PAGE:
Denomination RCA: What Do You Know? (Part II)

After the presentation on denominational structures on April 22nd, several members asked that one of the transparencies used be published in the newsletter. One of the reasons for this interest might be an overture to this year’s General Synod to substantially reform our system of Classes and Regional Synods. This chart might help understand our current system better.

The trick with this chart is to start with the arrows, because they show the flow of power. Following this, you will discover that the highest bodies on the chart are not the most powerful ones. If you look at the arrows, most of the power rests with the Classes. A Classis is higher than a Consistory, but it has also, in many ways, more deciding authority than the two higher bodies, Regional Synod and General Synod. There are exemptions, of course. A case for a church court, for example, if not resolved in a particular Classis, will make it to the higher bodies, and their ruling will supercede Classis ruling. Also, a Classis cannot decide on its own to override our constitution (including its liturgical provisions!) as ratified by General Synod. But in most other regards, the Classis will have the final say. With this, our denomination has followed an old Reformed principle that seeks to abolish the more hierarchical structure of the Church from which we are reformed, the Roman Catholic Church.

So what is a Classis, then? Classis is a Latin word and means fleet of ships (that sail the ocean together). The plural of Classis is “Classes”.

The organization of a Classis is another attempt of restructuring what otherwise would have been a Roman Catholic Diocese. A Diocese is, again, structured hierarchically; every parish church depends on the Cathedral, and only the monasteries are exempt. A Classis, by contrast, is the assembly of representatives of all the congregations of a certain area. They are equal in rank and their assembly entails pastors and elders alike. The number of elders depends on the size of the local church, but one elder delegate is the minimum for each congregation.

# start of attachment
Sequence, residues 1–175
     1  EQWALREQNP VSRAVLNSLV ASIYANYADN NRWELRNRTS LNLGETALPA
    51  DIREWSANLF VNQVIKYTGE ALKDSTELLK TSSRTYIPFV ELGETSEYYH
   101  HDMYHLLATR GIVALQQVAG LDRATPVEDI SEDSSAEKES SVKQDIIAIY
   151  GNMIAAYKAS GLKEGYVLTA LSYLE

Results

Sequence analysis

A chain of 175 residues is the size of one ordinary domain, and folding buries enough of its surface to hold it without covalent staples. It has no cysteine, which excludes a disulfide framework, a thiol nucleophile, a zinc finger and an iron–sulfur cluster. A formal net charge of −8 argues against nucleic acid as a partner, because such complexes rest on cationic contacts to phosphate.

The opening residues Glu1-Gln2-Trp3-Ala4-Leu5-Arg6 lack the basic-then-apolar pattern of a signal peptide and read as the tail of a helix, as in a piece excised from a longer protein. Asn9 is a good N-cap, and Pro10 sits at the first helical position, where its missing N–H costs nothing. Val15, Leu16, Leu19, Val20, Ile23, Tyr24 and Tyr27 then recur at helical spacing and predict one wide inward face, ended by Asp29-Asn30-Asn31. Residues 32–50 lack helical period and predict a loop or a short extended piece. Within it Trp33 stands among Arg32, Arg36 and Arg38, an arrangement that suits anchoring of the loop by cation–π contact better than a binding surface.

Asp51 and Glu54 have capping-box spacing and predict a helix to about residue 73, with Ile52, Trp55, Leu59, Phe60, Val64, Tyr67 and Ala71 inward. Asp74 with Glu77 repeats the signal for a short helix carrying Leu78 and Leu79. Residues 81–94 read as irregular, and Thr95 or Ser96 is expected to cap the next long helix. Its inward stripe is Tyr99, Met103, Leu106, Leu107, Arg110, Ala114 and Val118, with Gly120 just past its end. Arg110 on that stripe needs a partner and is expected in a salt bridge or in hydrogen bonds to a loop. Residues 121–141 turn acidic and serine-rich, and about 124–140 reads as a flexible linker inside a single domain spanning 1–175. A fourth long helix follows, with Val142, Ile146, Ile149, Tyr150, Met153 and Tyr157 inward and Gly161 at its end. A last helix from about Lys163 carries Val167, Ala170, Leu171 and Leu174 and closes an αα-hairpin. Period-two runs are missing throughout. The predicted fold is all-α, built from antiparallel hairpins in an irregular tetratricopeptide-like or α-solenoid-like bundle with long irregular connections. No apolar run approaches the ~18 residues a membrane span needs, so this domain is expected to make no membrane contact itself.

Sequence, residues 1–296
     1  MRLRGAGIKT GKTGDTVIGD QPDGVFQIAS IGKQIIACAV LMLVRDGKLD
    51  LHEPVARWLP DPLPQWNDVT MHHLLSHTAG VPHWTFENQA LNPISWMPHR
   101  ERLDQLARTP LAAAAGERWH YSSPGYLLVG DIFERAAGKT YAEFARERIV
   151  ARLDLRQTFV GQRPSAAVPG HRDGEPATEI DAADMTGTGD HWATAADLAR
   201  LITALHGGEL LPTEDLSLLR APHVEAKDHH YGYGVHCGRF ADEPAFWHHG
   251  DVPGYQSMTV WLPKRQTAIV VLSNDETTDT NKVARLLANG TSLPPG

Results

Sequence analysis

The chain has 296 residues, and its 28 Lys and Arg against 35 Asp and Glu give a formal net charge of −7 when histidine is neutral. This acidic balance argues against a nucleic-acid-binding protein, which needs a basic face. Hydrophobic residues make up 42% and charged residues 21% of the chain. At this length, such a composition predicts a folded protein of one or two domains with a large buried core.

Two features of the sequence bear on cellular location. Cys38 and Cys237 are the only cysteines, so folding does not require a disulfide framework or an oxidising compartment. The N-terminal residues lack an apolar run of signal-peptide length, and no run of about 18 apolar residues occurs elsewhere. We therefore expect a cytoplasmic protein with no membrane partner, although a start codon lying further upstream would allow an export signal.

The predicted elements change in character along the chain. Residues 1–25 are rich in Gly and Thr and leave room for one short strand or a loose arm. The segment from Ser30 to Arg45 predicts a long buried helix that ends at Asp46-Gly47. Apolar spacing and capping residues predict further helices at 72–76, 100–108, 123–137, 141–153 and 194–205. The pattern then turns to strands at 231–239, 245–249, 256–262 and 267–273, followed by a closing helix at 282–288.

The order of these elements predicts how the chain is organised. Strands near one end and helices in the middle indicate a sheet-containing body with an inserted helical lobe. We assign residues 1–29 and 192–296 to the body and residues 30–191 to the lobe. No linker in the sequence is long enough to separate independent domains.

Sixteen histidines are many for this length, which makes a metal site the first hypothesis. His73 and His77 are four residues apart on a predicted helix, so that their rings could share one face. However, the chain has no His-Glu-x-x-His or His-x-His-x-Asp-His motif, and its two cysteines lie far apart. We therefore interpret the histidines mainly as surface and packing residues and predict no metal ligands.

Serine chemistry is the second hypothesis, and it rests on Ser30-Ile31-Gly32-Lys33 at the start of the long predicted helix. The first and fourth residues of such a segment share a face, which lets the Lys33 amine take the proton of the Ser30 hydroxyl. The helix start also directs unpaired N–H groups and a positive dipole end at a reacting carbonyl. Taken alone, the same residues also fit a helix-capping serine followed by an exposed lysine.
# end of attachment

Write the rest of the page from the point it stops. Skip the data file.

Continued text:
One final word on the chart: When you consider the annual Classis assessment, please know that the Classis itself receives only a fraction of it. The bulk of the money goes to the higher bodies, Regional Synod and General Synod. It is used for several of their functions that many of us enjoy: The Warwick Conference Center, the Reformed Church Home, the Church Herald, to name only a few.

About Rev. Dr. Hartmut Kramer-Mills

Hartmut Kramer-Mills, a native of Jena, Germany, began his theological education at Heidelberg University. After the Middle Exam in 1986 he received a scholarship from the World Alliance of Reformed Churches for McCormick Theological Seminary in Chicago. He graduated from McCormick with a Master of Divinity in 1988. He graduated from Marburg University in Germany with the Ecclesiastical Exam in 1990, and received a Dr. theol. from Greifswald University, Germany, in 1997. From 1990 to 1991 he was vicar at St. Wenzel in Naumburg, Germany. He was ordained minister of word and sacrament in 1993 through the Protestant Church of the Church Province of Saxony. From 1993 to 1998 he served as assistant pastor in Stoessen, Goerschen, and Rathewitz, Germany. At the same time he was lecturer for Church History at Erfurt College in Germany. From 1999 to 2000 he served the Spotswood Reformed Church in New Jersey as interim pastor. Since 2000 he and his wife serve the First Reformed Church in New Brunswick, New Jersey, as co-pastors.
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